(As with every year I do this, my favourites are chosen from those I experienced this year. Actual release date is irrelevant)
Narconomics applies economic principles to the illegal drugs trade. Why does collusion between gangs make sense for them in one country but not another? Why is destroying drug crops mostly futile? Tom Wainwright isn’t just an economist dryly applying theories at a remove from the reality of the drugs trade, he gets in amongst it. Narconomics is both an original look at the industry and a fascinating insight into how it currently operates.
How can a book about behavioural economists can be so enjoyable? Daniel Kahneman and Amos Tversky pioneered the field. Michael Lewis, dominator of nonfiction bestseller lists, documents their work, relationship, and their intriguing lives.
Imagine a university economics professor. You’re probably picturing glasses, poor posture, perhaps tweed. Now imagine them leaving work early and rushing to the airport in order to fly home and command a battalion of tanks to protect their homeland. Moments like this (plus great writing and the pair’s strong bond) make a potentially dry book idea into something electric and cinematic. I could see this being another of Lewis’ books adapted into a film, if not for Israel being such a political hot potato (and you can’t really relocate the protagonists because they’re actual people). A great book, both as entertainment and an education on your mental biases and blind spots.
I struggle to explain what I got from this book because I got so much. It covers the rise of, well, us, from hunter-gatherers to farmers to knowledge workers. And religion, geography, slavery, evolution, and more. Its discussion of social constructs affects the way I think about many things now, including money (particularly relevant with Bitcoin currently so popular).
I’ve read a lot of books I’ve loved, but only two have had an effect on my everyday life: Antifragile by Nassim Taleb, and this. I couldn’t recommend it more highly.
I managed to pick my top three but was unable to prioritise them.
Prisoners is about the abduction of two young girls and the effect that has on their family. It’s sad, brutal, tense and intriguing. There is some symbolism and references that, having researched after watching it, I didn’t fully pick up on. So I look forward to seeing it again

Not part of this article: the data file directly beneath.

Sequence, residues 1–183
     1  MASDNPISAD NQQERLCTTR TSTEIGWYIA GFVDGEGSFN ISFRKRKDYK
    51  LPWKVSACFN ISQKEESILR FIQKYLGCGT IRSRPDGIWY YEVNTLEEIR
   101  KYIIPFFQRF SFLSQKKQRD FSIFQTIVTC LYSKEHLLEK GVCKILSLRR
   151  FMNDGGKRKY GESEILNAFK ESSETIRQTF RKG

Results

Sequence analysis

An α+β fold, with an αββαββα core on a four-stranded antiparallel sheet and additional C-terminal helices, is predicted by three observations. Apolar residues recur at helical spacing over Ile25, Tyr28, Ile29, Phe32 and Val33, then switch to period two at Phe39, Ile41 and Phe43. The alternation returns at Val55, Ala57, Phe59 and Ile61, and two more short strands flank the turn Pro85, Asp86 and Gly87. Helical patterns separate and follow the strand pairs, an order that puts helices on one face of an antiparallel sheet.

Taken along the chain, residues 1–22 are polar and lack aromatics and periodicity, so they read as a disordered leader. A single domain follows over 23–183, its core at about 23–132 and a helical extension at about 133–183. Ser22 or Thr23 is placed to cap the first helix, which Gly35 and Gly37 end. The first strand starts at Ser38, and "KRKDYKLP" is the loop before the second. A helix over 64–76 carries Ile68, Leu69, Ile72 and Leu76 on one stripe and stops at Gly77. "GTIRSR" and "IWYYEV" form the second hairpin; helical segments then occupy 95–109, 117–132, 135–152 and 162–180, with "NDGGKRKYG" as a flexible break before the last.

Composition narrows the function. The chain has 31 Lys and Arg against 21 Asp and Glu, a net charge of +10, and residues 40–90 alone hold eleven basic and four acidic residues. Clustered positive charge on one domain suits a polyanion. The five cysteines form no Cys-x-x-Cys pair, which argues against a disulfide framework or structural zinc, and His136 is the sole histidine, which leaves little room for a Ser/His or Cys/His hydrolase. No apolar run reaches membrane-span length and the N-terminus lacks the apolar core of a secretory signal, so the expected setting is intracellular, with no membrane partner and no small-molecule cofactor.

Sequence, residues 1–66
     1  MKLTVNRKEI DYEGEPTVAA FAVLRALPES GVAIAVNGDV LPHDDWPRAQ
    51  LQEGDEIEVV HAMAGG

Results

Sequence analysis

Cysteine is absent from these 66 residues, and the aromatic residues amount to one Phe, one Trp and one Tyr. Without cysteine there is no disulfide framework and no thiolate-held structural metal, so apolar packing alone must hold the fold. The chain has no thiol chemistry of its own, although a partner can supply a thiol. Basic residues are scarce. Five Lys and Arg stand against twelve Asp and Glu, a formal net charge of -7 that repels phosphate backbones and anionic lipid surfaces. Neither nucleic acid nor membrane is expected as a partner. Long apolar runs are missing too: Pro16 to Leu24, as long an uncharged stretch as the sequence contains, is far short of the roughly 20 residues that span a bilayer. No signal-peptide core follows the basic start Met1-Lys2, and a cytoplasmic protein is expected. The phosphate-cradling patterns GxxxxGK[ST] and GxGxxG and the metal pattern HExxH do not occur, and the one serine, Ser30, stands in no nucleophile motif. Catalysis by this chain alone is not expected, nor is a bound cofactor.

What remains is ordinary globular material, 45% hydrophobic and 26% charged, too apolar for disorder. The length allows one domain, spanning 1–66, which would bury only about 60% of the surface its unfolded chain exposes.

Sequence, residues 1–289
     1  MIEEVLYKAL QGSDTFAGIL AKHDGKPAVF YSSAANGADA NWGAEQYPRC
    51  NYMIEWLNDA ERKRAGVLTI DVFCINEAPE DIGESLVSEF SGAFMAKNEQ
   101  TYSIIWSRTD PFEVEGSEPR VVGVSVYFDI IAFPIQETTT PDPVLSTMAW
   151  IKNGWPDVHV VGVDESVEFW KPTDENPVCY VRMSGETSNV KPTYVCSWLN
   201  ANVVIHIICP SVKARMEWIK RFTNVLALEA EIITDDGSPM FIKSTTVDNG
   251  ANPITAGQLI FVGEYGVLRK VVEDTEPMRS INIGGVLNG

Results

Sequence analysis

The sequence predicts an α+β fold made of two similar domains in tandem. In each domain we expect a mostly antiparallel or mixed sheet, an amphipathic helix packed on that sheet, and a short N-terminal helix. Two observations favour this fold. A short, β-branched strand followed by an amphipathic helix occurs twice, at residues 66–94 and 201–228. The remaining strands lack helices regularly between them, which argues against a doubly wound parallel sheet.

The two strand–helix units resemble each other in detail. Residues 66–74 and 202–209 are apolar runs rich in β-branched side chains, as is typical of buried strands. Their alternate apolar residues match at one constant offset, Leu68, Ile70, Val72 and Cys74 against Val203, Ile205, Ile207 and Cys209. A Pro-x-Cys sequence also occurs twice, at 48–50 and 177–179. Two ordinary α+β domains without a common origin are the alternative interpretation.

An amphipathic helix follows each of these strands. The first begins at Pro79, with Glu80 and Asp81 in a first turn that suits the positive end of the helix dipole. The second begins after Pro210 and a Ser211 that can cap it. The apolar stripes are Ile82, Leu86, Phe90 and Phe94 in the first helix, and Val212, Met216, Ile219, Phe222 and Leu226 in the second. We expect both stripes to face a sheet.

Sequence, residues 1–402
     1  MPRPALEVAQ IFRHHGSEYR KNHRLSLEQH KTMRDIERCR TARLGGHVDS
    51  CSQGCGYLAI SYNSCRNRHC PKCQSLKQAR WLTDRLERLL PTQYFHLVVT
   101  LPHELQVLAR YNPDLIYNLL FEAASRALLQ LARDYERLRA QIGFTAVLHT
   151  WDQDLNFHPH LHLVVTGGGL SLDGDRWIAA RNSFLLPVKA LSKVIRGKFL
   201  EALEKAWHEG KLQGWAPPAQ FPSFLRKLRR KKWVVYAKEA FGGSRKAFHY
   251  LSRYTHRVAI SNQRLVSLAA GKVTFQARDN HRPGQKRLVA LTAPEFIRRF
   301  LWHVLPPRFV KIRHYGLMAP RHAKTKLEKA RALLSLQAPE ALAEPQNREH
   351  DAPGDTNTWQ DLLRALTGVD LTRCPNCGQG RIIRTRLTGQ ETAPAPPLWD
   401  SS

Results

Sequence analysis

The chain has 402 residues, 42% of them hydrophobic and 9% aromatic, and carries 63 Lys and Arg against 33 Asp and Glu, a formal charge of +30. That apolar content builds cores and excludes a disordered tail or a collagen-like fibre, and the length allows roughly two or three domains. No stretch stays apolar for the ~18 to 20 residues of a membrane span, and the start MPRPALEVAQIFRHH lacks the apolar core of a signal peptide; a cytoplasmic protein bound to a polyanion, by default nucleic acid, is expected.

b) X-Men: Days of Future Past
Someone mentioned on Twitter that this was the best X-Men film by a mile. I’m a huge fan of X-Men 2. So I was like, ‘Lol, yeah, whatevs douche’, or whatever youngsters say nowadays. But I decided to actually do some research before commenting (which is not the Internet Way). X2 is great, but Days is greater. The most remarkable thing about it is how it constantly puts the right foot forward. Film-making is a vast series of decisions. Even with the best minds behind it, statistically, something major should eventually go wrong. But it nails everything. Like Professor X in Dude Lebowski mode, getting drunk at home in his dressing gown. It introduces a character (Quicksilver) who moves fast enough to be unstoppable and make others pale in comparison, but has the sense to exit him early. One of the final scenes is surprisingly brutal for this type of film. All great moments done exceedingly well. Days is on the highest echelon of ‘capes films.
c) The Disaster Artist
(I thought about putting this #1 on the list, but figured I may be guilty of recency bias because I just saw it two weeks ago).
I think seeing The Room (which is on Youtube) helps to fully appreciate this film, although you don’t need to have read the book of the same name. Although you should read the book because it’s brilliant.
I was never a fan of James Franco. Have you ever seen Keeping Up with the Kardashians and saw Rob constantly look like he’d rather be elsewhere? That’s how I felt about James Franco on a Hollywood set. The only time I actually enjoyed his acting was the brief moment in Spiderman 3 where his character suffers from amnesia and wanders around without a care in the world. Good films he was in (like Rise of the Planet of the Apes) were good in spite of him, not because.
But he did an amazing job with the Disaster Artist. Playing Tommy Wiseau is a tough gig — Wiseau is a real person (who’s ingrained in the minds of anyone who has seen The Room) with a bizarre accent, and is so weird that even playing him accurately could seem unbelievable to many viewers. Yet Franco absolutely nails him (which shot-by-shot comparisons between The Room and The Disaster Artist make clear) and manages to make the absurd Wiseau sympathetic.
Franco’s direction is even better. This is another film that has no flat moments. The ‘naked Tommy’ scene is incredible, with its humour, handheld camerawork and long takes adding to the tension, and Franco’s complete dedication to his role. I expect to see Franco nominated for Best Director and Best Actor at the next Oscars. Writing that feels wrong.